Tropospheric O3 shows a positive trend since the 19th century because of the proliferation of heavy industry, from average values of 10–15 ppbV in the preindustrial era to values at a minimum near 50 ppbV nowadays (Marenco et al., 1994; Fabian and Dameris, 2014). This trend is well documented because, among other methods, preindustrial measurements were possible using Schönbein's technique. This technique is named after Christian Schönbein, who developed it and also discovered O3. It is a rudimentary method based on paper strips impregnated with a solution of potassium iodide (KI) and starch ((C6H10O5)n–(H2O)) in distilled water. There are several versions of the technique, which vary in the concentrations of starch, KI, and paper used. As a result of these different concentrations, in the 19th century were manufactured several types of paper strips to measure O3, which had varying levels of accuracy. The one produced by Jame de Sedan was traditionally the most widely used because it allowed the highest precision (Bojkov, 1986).
Exposed to open air (but protected from sunlight), the KI on the strip reacts with the O3 and the humidity existing in the environment. The strip is exposed for a given period, usually 12 or 24 h, after which it must be collected, taken to a laboratory, and dipped in distilled water. After this, immediately, the strip turns a shade of purple as a function of the concentration of O3 present (Bojkov, 1986). By comparison against a given scale (similar to that shown in Fig. 1), a numerical value can be obtained and linked to an existing O3 concentration in the environment. These values were generally recorded as O3 in the logbooks of observatories (Linvill et al., 1980; Añel et al., 2012, 2017). The choice of the numerical value from Fig. 1 involves a great deal of subjectivity because it depends on each observer, and each one has different physiological features and different abilities in distinguishing colours (Solomon and Lennie, 2007). Also, the existing ambient light can affect the measurement. Therefore, only with experience can an observer reduce the error associated with the subjectivity.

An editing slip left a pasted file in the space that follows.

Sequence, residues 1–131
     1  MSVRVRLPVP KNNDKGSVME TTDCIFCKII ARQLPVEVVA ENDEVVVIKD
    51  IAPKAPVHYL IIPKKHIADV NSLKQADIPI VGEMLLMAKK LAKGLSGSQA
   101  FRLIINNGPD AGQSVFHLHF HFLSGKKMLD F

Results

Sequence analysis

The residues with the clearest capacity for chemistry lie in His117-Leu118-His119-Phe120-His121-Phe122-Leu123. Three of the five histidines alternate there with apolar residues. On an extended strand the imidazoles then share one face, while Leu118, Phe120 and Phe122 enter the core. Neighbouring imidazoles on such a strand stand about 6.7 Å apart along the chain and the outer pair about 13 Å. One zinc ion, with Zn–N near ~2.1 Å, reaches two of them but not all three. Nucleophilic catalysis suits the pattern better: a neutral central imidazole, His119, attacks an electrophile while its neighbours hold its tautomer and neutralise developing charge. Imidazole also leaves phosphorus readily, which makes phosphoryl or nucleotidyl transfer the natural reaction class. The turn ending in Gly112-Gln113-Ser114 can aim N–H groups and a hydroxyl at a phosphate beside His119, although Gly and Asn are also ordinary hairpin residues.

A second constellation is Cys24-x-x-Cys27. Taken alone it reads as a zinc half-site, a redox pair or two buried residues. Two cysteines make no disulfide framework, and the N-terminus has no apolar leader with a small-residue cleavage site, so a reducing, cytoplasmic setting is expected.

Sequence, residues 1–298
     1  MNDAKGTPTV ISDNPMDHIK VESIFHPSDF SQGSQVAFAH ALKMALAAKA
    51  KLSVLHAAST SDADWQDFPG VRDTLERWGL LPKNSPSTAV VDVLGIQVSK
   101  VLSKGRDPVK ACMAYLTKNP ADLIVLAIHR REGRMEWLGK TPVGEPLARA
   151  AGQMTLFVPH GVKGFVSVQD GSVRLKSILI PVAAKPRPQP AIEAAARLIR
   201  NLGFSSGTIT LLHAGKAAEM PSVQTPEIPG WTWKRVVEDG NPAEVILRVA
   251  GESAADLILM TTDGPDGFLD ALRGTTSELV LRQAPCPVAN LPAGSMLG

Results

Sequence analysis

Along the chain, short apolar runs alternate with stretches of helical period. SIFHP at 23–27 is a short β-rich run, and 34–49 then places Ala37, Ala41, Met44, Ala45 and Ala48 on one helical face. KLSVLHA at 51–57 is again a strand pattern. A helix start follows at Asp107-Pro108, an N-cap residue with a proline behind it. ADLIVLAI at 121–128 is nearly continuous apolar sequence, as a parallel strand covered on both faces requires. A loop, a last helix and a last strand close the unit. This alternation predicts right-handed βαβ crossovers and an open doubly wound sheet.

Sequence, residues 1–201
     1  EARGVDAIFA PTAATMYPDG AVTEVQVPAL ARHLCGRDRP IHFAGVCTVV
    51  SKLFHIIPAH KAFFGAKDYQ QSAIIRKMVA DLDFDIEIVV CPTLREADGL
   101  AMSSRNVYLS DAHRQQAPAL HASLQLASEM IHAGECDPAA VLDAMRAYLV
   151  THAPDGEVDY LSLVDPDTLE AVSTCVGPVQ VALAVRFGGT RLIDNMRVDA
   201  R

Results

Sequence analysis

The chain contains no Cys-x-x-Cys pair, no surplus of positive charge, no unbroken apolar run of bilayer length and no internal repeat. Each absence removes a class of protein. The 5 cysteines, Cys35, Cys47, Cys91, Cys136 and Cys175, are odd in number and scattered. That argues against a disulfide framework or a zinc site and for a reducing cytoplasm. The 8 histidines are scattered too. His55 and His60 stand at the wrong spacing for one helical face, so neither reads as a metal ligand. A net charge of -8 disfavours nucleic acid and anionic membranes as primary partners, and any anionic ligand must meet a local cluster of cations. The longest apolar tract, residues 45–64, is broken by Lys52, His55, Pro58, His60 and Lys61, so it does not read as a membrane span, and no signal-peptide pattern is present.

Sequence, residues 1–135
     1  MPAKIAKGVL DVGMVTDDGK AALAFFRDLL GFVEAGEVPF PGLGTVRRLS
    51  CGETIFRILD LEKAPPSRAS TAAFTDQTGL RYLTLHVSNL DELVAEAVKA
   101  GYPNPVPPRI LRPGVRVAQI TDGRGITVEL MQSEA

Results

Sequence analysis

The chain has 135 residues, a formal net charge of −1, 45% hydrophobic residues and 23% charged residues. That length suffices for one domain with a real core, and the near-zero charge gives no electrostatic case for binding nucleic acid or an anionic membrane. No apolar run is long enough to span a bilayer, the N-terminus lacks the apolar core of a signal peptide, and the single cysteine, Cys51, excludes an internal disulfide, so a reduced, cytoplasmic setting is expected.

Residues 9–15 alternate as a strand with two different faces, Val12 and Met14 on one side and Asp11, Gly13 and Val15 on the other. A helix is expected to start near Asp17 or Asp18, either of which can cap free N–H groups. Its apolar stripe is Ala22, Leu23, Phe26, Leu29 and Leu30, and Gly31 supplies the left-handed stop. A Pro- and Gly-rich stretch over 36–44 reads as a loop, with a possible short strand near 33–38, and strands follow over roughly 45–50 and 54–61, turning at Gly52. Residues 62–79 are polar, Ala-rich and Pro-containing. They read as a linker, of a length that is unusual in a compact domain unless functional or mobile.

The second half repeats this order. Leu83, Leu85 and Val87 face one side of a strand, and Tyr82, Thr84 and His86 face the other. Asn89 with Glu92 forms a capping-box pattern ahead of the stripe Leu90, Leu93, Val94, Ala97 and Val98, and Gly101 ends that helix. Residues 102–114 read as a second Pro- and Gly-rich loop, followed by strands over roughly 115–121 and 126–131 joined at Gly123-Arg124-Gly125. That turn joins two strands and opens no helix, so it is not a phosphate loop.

Usually, the study of the atmosphere at educational levels (from 13 to 17 years) is focused at best on the use of cheap and small weather stations that measure physical variables (e.g. temperature, pressure, humidity). These kinds of stations are affordable and convenient because of size and installation. However, the study of the atmosphere and the environment needs knowledge of its chemical composition. The lack of a hands-on approach to complement the theoretical learning of the composition and chemistry of the atmosphere can lead to a knowledge gap. Sometimes, this is hindered by the lack of understanding of some essential words and concepts by pupils (Österlind, 2005). For example, climate change and O3 depletion are issues broadly taught in high school classrooms, but mostly from a theoretical approach (documentaries, lectures, etc.). The misconceptions on these issues among the students are well documented (Boyes and Stanisstreet, 1993; Boyes et al., 2004b; McCaffrey and Buhr, 2013), and they seem to remain through the years. This confusion was manifest also in surveys completed by a group of students to whom we presented the practice here described (see Sect. 2). In line with this, the need to develop specific materials to teach these topics better has been noted (Papadimitriou, 2004).